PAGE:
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CAMOUFLAGE COLOURS IN MILITARY APPLICATIONS INDIAN INSTITUTE OF TECHNOLOGY, DELHI PRESENTED TO PROF. M. L. GULRAJANI Arka Das 2012TTF2404
Military Camouflage Military camouflage is the use of camouflage by a military force to protect personnel and equipment from visual observation by enemy forces. In practice, this means applying colour and materials to military equipment of all kinds, including vehicles, ships, aircraft, gun positions and battledress, either to conceal it from visual observation (crypsis), or to make it appear as something else (mimicry).
Sensor Systems in Military Applications Active. Active sensors emit energy that reflects from targets and is recaptured by the emitting or other nearby unit, indicating the presence of a target. Examples of active sensors are searchlights and radars. Passive. Passive sensors emit no energy. This type of sensor collects energy, which may indicate the presence of a target. Examples of passive sensors are the human eye, night vision devices, and photographs.
Threats in Military Applications Image Intensifiers Low-Light Television (LLTV). Aerial Reconnaissance, Remote Sensing, and Imagery Near Infrared (NIR) Sensors IR Sensors UV Sensors Radar
Camouflage Systems The aim is to make sure that the surface of the soldiers and not form a contrasting shape against the background. The principles involved in camouflage materials are shape, shine, shadow, silhouette, surface, spacing and movement . The hues used in the camouflage are green, olive, khaki, brown and black.
Factors influencing Camouflage Contrast of brightness Contrasts of colour Contrasts of texture The geometry of boundaries between contrasting zones Distribution of contrasts in the visual field Previous experience of the subject
Types of Camouflage UV camouflage Camouflages for visible region NIR camouflage Thermal IR camouflage Anti radar camouflage Camouflages for multiple spectra
UV camouflage Only in the snow covered environment is UV observation of military importance. Titanium dioxide pigment which is commonly used as a low- cost widely available treatment for artificial fibres is visually white, but has low reflectance in the UV. Luckily, other pigments such as barium sulphate are suitable and can be incorporated into textile coatings.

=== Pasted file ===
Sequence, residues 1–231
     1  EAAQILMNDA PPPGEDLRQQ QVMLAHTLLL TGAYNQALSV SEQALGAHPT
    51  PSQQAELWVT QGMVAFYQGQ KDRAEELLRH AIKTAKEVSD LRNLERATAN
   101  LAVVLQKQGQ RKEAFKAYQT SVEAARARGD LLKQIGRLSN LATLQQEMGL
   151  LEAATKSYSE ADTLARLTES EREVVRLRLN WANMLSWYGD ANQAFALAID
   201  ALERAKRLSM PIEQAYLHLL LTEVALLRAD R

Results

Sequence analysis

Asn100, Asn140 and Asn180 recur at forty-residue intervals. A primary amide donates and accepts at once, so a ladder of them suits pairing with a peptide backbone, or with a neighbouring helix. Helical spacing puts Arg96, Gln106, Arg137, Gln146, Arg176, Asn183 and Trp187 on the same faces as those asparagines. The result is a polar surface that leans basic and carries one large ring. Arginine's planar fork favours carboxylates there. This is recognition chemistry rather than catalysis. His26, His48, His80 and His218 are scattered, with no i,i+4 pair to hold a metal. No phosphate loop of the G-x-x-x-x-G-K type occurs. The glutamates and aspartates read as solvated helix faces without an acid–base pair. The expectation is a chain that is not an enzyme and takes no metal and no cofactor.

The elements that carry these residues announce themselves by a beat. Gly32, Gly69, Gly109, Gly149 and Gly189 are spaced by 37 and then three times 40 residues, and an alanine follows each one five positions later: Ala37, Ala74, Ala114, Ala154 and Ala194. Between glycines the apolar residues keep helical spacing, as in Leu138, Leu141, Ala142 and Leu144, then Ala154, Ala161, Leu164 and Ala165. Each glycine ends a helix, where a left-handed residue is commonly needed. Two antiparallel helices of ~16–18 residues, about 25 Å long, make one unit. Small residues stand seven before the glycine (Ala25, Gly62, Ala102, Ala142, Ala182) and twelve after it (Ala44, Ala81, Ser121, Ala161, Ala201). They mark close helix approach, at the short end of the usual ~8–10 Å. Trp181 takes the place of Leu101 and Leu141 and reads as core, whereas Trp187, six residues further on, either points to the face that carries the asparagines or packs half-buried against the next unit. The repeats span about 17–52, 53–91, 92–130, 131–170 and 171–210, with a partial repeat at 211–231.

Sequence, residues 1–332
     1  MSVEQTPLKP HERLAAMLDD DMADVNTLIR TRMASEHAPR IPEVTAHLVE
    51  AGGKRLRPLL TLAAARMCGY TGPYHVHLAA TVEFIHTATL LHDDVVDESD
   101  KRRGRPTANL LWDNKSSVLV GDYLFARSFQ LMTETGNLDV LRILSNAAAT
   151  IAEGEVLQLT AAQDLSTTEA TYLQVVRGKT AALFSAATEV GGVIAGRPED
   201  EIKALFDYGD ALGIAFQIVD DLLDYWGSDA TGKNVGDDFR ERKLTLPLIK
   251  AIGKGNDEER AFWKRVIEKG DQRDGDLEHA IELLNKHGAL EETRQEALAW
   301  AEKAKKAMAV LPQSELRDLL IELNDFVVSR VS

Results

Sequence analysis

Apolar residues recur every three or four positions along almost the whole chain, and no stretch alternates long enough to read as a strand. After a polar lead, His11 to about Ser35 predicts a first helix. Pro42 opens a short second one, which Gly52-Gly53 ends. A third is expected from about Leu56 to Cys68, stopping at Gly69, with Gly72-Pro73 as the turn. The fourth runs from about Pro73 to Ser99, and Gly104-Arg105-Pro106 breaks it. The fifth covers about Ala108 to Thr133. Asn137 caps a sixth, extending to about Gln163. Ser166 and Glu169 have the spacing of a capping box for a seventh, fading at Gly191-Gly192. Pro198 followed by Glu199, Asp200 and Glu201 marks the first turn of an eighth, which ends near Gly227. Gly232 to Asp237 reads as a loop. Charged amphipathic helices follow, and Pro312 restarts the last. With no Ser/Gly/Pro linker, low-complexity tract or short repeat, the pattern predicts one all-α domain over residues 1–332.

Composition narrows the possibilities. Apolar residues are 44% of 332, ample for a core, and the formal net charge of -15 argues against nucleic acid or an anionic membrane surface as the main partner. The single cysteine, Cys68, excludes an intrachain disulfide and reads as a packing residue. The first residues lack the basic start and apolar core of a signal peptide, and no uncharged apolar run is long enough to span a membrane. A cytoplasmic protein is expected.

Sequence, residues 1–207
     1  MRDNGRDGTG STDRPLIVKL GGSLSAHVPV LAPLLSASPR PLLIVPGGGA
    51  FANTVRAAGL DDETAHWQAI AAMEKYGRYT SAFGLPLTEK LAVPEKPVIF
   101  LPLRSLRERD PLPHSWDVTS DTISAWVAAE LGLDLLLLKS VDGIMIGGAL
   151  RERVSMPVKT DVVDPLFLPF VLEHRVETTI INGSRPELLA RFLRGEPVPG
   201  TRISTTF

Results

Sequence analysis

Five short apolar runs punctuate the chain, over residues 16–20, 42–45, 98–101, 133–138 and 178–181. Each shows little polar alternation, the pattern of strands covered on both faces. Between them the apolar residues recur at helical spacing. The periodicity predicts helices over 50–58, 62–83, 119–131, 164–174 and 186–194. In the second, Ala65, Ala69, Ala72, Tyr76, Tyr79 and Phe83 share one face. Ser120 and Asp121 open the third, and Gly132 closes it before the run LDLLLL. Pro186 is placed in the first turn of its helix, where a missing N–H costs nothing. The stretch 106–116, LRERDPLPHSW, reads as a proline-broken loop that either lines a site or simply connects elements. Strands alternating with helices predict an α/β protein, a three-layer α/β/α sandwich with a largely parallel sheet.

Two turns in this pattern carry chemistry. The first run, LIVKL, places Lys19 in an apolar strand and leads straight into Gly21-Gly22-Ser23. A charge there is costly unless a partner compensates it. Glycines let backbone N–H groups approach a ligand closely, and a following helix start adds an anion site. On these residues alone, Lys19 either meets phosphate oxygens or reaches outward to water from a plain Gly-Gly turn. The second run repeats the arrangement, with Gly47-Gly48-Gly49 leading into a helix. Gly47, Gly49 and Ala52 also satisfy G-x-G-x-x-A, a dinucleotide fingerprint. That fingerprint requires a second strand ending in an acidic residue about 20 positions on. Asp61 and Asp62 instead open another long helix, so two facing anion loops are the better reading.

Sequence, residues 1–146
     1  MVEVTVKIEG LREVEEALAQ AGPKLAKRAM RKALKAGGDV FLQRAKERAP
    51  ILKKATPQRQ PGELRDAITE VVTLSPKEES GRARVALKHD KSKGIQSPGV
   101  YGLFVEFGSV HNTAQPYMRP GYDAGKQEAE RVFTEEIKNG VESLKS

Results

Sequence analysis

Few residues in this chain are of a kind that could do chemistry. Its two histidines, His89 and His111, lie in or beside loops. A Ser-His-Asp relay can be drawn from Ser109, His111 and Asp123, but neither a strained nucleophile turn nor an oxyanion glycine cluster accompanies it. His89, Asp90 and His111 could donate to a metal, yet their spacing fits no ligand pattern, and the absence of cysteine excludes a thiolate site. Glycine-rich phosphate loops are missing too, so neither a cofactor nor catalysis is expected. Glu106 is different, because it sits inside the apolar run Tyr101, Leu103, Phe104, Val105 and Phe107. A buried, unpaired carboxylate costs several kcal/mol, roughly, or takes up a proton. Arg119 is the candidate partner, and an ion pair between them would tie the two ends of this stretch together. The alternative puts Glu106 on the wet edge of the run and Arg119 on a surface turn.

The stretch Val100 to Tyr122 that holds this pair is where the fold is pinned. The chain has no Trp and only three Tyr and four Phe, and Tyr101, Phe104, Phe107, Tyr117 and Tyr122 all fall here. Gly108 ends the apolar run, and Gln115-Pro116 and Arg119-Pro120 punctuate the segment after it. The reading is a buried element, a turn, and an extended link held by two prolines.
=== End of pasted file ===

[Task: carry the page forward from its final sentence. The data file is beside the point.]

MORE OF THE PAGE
Camouflages for visible region In this range we are trying to mimic natural or even artificial backgrounds, not just in terms of colour, but also patterns, gloss and texture. A tree or bush, for instance, will have a different appearance during different parts of the day as the quality of illumination changes. In practice, each military nation has adopted its own visual colours and patterns. Colours often include khaki, green, brown and black, with additional colours such as olive, yellow, orange, pink, grey, beige, and sand to extend use to other urban, rural and desert backgrounds.
Infra red rays Infrared (IR) light is electromagnetic radiation with a wavelength longer than that of visible light. It is measured from the nominal edge of visible red light at 0.74 micrometres (µm), and extending conventionally to 300 µm. These wavelengths correspond to a frequency range of approximately 1 to 400 THz, and include most of the thermal radiation emitted by objects near room temperature. Microscopically, IR light is typically emitted or absorbed by molecules when they change their rotational vibrational movements .
Types of Infra red raysThe CIE recommended the division of IR into following three bands.Near Infra red – 700 – 1500 nmMiddle Infra red – 1400 – 3000 nmFar Infra red – Above 3000 nm.
Near Infrared Camouflage The development of infrared surveillance technology during the Second World War has had a particularly significant effect on the challenge of supplying military personnel and equipment with effective means of concealment. It has forced the evolution of a generation of camouflage materials that attempt to minimise the contrast between objects and their environment over the near infrared region of the electromagnetic spectrum in addition to the visible region.
IR reflectance of natural surroundings NIR range – 700 – 1200 nm. The sand and soil show a slight rise from visible region to those in the infrared. As moisture content increase reflectance in visible region decrease in the soil. Plants tend to have a small increase in reflectance at around 550 nm, which is responsible for the green coloration. Reflectance then decreases slightly in the red region and rises steeply between 680 and 710 run to a plateau at 720 nm. At longer wavelengths the reflectance remains fairly constant until about 1300 nm, where it decreases again.
Contd.. Black camouflage tends to have low, near-constant reflectance values. Brown hues have gradually rising IR curves typical of sand and soil. Green shades must duplicate the chlorophyll increase or edge . Generally, military authorities require green camouflage to exhibit a steep rise in reflectance between 700 and 720 nm, so that reflectance in the range 700-900 nm exceeds that in the 600-690 nm region .